Move over Bill Nye and Ken Ham. There’s a new public debate over cosmology and God’s role in the universe — and it’s set to unfold this weekend between atheist physicist Sean Carroll and theologian William Lane Craig.

The debate, titled “God and Cosmology: The Existence of God in Light of Modern Cosmology,” will be a two-day symposium, featuring numerous speakers.

While the first day of the event will be led by Carroll and Craig, a separate debate and discussion on the second day of the conference will feature four additional presenters who will also address complex philosophical and theological issues, according to a press release.

Philosophers Tim Maudlin and Alex Rosenberg will argue in favor of Carroll’s side of the debate and Craig’s case will be touted by philosopher Robin Collins and physicist James Sinclair.

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Image source: Greer-Heard Point-Counterpoint Forum

Craig has made a name for himself in evangelical circles through his Internet ministry ReasonableFaith.org. He is also known as a prominent philosopher and theologian willing to debate well-known atheists like Christopher Hitchens and Lawrence Krauss over God’s existence and role in the universe.

Carroll, a physicist at California Institute of Technology, is an atheist whose views differ greatly from those touted by Craig. Well known in the scientific community, he has contributed to discussions on a variety of complex subject matter.

In a blog entry last month discussing the debate, Carrol highlighted his goals in debating Craig.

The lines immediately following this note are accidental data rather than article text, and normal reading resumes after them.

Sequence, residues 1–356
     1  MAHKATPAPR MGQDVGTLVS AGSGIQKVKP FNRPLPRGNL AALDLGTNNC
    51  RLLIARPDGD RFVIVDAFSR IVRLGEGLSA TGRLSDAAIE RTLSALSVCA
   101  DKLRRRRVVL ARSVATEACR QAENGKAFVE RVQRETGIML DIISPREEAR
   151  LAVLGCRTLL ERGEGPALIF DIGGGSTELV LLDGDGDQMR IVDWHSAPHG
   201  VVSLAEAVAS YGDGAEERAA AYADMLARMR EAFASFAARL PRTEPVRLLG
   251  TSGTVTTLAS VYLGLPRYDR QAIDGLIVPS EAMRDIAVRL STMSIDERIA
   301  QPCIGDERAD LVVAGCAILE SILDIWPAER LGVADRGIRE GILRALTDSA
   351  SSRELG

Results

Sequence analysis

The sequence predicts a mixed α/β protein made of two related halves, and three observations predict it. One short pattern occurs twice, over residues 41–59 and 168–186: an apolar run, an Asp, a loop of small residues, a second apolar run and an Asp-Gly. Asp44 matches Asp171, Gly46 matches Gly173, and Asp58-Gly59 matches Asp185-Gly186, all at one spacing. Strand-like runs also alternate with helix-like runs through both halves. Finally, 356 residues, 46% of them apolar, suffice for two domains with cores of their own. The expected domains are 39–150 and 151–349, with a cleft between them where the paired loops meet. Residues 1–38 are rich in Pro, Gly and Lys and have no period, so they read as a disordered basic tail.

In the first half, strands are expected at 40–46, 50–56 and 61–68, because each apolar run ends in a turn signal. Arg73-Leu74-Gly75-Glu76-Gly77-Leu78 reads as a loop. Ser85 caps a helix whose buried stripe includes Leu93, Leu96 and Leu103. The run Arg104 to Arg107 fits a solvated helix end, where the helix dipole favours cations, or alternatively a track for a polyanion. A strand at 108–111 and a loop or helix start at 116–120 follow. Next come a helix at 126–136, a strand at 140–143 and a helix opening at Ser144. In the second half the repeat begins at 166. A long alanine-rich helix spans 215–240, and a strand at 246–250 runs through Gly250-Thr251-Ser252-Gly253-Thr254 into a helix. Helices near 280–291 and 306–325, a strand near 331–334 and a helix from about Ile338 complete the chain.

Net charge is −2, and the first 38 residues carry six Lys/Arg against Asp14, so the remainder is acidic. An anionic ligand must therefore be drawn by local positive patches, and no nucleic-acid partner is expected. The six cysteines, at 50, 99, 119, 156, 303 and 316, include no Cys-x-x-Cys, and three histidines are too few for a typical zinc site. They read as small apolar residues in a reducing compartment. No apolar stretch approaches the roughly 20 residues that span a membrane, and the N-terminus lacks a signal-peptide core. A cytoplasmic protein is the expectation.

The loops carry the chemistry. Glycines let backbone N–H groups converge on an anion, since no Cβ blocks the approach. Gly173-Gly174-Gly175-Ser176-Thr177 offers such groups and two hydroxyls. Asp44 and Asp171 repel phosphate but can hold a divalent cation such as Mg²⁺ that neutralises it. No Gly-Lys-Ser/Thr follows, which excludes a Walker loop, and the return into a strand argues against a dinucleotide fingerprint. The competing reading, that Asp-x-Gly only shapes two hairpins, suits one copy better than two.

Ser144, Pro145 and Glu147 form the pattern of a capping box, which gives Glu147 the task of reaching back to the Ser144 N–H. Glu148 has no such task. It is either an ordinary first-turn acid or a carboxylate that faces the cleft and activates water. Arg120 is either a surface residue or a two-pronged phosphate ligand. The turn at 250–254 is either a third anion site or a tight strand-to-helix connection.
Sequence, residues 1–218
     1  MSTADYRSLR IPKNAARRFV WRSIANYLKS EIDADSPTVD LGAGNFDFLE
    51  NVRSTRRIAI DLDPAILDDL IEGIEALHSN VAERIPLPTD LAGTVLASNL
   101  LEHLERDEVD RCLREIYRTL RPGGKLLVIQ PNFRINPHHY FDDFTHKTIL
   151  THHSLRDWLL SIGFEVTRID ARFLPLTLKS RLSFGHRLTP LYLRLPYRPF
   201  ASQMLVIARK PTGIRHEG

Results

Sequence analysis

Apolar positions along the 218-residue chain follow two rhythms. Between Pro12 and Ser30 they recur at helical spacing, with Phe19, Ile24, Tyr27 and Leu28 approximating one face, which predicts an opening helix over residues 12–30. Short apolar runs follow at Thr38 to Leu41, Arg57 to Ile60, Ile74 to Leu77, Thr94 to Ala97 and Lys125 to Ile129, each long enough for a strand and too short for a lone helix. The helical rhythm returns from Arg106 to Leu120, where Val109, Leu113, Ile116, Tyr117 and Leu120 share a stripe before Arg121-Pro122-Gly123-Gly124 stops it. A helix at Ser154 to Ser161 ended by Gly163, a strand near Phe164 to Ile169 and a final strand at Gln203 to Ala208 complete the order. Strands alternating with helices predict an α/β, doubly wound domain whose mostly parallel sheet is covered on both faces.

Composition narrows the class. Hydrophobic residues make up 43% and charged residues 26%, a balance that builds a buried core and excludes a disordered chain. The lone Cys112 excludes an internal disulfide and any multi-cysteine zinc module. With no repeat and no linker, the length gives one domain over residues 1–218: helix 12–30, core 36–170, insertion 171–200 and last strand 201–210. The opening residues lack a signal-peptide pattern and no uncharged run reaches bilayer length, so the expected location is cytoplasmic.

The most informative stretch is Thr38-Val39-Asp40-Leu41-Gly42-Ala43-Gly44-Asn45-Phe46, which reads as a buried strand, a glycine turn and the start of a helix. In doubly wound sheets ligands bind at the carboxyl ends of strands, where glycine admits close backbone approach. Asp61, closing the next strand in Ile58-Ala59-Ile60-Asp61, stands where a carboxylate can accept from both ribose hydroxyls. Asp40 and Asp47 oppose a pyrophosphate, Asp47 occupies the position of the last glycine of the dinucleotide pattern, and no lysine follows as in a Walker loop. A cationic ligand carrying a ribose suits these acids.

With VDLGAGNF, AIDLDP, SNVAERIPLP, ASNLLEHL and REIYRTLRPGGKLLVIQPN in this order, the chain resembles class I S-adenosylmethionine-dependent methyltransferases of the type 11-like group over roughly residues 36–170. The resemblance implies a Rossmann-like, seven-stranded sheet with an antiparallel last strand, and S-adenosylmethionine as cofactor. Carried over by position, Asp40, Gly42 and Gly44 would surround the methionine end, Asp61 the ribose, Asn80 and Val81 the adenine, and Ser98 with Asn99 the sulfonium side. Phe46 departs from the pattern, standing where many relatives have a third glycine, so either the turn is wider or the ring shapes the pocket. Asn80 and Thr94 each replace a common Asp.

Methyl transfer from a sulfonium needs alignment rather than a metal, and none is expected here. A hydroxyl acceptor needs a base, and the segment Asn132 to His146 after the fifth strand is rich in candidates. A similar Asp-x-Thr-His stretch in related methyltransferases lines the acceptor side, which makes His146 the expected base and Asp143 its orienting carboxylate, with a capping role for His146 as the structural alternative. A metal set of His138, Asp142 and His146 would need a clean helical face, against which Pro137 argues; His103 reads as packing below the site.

“Just so we’re clear: my goal here is not to win the debate. It is to say things that are true and understandable, and establish a reasonable case for naturalism, especially focusing on issues related to cosmology,” he wrote. “I will prepare, of course, but I’m not going to watch hours of previous debates, nor buy a small library of books so that I may anticipate all of [William lane Craig’s] possible responses to my arguments.”

In a recent interview with TheBlaze, Craig made bold predictions about the future of Christianity in America, claiming that religion may actually intensify in decades to come. New Atheists, he said, lack the level of scholarship needed to advance their ideas in the mainstream.

He believes Christian thinkers are making major inroads in academic circles.

“I think this movement within philosophy to a renaissance of Christian thinking is the brightest hope for what’s happening in American culture today in terms of religious impact,” Craig said. “The university is the single most important institution influencing American society in the long run, so I am very optimistic about the future of the American university, and of philosophy in particular, and therefore American culture.”

The debate will take place on Feb. 21 at 7 p.m. at New Orleans Baptist Theological Seminary. It will be streamed live online here.

Featured image via Greer-Heard Point-Counterpoint Forum

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